Here's the thing you have to understand about Perry Farrell: The dude's a dreamer. A genuine pie-in-the-sky, I-can-do-it-because-I-can-feel-it, people-have-the-power, life-is-for-the-living eternal optimist.
So when he tells you that, after successfully reviving his Lollapalooza festival three years ago as a once-a-year destination festival on the Chicago waterfront (see [article id="1556885"]"Lollapalooza Bill Boasts Modest Mouse, Roots, Snow Patrol"[/article]), he's now working up a plan to take Lollapalooza around the world, who are you to tell him that's crazy talk?
"I'm about to put it into 3.0," said the perpetually enthusiastic leader of Satellite Party, whose dance-rock debut, Ultra Payloaded, is slated to drop May 29. "I'm going to look to take it global. I want to put together an event around the world in the next 10 years that will refashion, redress and transform."
Farrell, who co-founded the granddaddy of alternative-rock festivals in the early 1990s, said the current plan he's sketching would have Lolla "following summer" around the planet in an attempt to bring the show's fresh-air groove to other continents for the first time. "I like the idea of being outdoors," he said. "It's something I'm looking into now, and if it happens, it will happen quick. That's my ambition."
In the meantime, he's chatting up the launch of Satellite Party, the long-gestating project that began more than three years ago with the former Jane's Addiction/ Porno for Pyros leader fiddling with drum machines, keyboards and loops in his garage. After years of tinkering, the basement project ended up featuring a galaxy of cameos from the likes of the Black Eyed Peas' Fergie, Porno for Pyros guitarist Peter DiStefano, Joy Division/ New Order bassist Peter Hook, the Red Hot Chili Peppers' John Frusciante and Flea and the ghostly voice of late Doors frontman Jim Morrison reciting what are believed to be some of his final recorded words on the spooky album ender, "Women in the Window" (see [article id="1544484"]"Perry Farrell Jams With Fergie, Jim Morrison On Satellite Party Debut"[/article] and [article id="1501007"]"Flea, Frusciante Contributing To Farrell's Next Big Concept"[/article]).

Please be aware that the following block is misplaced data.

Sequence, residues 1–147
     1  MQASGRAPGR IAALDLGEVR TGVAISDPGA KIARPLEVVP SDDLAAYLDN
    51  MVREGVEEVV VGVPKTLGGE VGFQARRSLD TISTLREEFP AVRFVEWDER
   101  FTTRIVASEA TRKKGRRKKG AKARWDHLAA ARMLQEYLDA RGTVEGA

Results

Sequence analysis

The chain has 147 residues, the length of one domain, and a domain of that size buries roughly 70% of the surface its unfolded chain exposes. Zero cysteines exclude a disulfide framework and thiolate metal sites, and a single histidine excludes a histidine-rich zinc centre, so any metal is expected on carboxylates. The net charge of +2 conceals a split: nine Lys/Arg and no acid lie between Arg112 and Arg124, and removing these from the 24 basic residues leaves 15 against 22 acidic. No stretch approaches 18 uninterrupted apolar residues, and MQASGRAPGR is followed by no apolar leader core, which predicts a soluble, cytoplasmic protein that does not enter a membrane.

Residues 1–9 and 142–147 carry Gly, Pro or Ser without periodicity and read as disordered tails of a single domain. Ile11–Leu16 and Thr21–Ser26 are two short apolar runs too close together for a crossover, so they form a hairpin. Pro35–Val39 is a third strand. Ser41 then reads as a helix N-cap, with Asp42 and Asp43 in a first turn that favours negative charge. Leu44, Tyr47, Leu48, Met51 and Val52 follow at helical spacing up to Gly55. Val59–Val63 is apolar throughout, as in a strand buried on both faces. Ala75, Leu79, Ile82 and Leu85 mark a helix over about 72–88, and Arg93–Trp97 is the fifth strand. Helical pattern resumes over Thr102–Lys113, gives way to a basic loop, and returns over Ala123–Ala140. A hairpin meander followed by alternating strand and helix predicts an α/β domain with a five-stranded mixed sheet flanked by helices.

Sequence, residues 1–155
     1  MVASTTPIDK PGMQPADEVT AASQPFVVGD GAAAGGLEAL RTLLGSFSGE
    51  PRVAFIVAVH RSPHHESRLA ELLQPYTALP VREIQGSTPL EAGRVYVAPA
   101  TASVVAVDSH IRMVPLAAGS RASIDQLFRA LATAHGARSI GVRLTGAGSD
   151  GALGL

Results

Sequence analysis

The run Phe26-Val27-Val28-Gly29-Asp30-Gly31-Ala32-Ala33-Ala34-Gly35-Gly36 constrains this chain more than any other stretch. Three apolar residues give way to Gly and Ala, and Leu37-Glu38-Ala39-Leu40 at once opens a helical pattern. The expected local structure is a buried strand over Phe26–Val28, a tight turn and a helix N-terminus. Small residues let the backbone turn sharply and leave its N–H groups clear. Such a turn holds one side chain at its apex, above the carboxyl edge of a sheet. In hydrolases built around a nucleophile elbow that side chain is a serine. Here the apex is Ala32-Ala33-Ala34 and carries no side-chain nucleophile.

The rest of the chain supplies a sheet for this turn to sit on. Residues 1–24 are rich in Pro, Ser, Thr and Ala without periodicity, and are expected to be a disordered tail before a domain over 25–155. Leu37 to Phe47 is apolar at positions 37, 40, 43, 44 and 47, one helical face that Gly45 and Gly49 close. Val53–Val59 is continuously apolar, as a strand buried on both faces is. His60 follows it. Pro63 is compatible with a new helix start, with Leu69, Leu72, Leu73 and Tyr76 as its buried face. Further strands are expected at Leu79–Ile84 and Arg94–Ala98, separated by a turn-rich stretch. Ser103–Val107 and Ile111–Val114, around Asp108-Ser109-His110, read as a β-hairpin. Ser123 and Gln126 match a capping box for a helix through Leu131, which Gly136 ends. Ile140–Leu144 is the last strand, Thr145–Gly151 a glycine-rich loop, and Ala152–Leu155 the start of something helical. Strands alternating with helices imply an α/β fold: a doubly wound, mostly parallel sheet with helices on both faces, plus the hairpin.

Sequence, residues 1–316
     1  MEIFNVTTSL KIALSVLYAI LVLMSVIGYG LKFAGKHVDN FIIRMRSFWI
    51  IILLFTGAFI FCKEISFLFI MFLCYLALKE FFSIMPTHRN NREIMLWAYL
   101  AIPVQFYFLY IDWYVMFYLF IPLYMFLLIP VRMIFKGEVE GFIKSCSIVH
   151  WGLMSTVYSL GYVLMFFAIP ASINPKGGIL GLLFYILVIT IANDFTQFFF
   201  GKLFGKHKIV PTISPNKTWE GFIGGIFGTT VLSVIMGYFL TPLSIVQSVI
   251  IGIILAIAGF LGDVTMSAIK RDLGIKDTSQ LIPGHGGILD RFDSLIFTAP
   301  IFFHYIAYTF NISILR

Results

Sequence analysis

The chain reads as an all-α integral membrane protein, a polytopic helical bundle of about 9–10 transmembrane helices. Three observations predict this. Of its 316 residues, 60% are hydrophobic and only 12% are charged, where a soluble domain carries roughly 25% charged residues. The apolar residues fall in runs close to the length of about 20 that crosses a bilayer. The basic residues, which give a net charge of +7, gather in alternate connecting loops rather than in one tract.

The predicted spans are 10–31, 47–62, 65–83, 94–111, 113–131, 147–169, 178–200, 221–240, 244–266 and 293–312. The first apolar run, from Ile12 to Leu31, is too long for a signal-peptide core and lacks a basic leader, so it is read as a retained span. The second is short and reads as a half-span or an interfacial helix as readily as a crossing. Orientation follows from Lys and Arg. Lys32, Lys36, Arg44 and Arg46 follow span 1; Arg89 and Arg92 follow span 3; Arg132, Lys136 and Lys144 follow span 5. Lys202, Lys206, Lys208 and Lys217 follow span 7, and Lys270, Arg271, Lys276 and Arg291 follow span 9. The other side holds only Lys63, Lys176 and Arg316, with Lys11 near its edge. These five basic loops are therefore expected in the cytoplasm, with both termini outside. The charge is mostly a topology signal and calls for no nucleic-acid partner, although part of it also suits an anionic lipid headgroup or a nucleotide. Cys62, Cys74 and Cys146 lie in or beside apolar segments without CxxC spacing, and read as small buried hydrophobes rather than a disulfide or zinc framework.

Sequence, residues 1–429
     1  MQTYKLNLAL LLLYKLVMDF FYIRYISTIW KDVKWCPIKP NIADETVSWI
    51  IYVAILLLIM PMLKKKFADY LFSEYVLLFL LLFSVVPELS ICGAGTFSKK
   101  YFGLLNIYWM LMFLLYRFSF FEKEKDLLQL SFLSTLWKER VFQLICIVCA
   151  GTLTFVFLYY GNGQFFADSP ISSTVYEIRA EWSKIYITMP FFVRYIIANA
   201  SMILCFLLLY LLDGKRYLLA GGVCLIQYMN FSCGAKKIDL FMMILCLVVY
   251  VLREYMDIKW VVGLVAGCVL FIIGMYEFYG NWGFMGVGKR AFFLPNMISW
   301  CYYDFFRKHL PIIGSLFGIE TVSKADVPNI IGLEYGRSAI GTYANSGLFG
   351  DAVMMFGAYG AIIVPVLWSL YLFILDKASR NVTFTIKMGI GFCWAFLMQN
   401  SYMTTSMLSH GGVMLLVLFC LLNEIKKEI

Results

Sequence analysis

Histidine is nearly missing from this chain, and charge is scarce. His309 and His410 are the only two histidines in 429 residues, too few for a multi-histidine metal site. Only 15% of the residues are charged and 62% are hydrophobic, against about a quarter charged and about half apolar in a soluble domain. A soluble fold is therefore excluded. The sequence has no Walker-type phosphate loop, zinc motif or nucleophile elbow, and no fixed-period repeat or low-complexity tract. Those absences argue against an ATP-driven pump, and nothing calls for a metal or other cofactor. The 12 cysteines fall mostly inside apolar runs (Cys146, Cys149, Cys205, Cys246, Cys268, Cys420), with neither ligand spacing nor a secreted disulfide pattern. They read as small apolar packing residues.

The sound is a combination of Pyros' Polynesian rock vibe, Farrell's eternally spacey come-join-the-fun exhortations and a whiff of New Order's throbbing new wave mixed with the techno-beat-driven dance-party groove from Farrell's under-appreciated 2001 solo debut, Song Yet to be Sung.
"When I was in Porno for Pyros, we began to experiment with electronics in a rock band, and in the original setup we had a DJ in the group, a cat who will remain nameless," Farrell said. "He was always junked out and he would nod off behind the deck, and every time it was his turn to scratch, we'd have to throw a drumstick at him to wake him up. Then, [when Jane's got back together], they weren't really set up as musicians to play that way, so when I had a chance to do a solo piece I wanted to learn as much as I could about electronic music."
One of the best parts about the project, he said, apart from working with his hero Hook and his unexpectedly fertile collaboration with former Extreme guitarist Nuno Bettencourt, is the chance to have his wife of five years, Etty Lau Farrell, step to the microphone.
Etty, who has been a backup dancer for Farrell since 1997, gets a chance to sing onstage and on the record, which Farrell said gives his new group a fresh vibe. "We've always used her voice for backing vocals, but she's never done it onstage because we didn't have female background voices [in Pyros or Jane's]," Farrell said. "But this time we had that big, clear palette, and I wanted a unisex chorus and women in the group to make a fun party and balance things out ... plus, it's not a bad thing waking up with a hot chick in your bed every morning!"
Satellite Party are slated for Lollapalooza in August and will also play New York's Highland Ballroom on June 4, according to a spokesperson for the group. The band will then head to Europe for festival dates and tour the U.S. in the fall.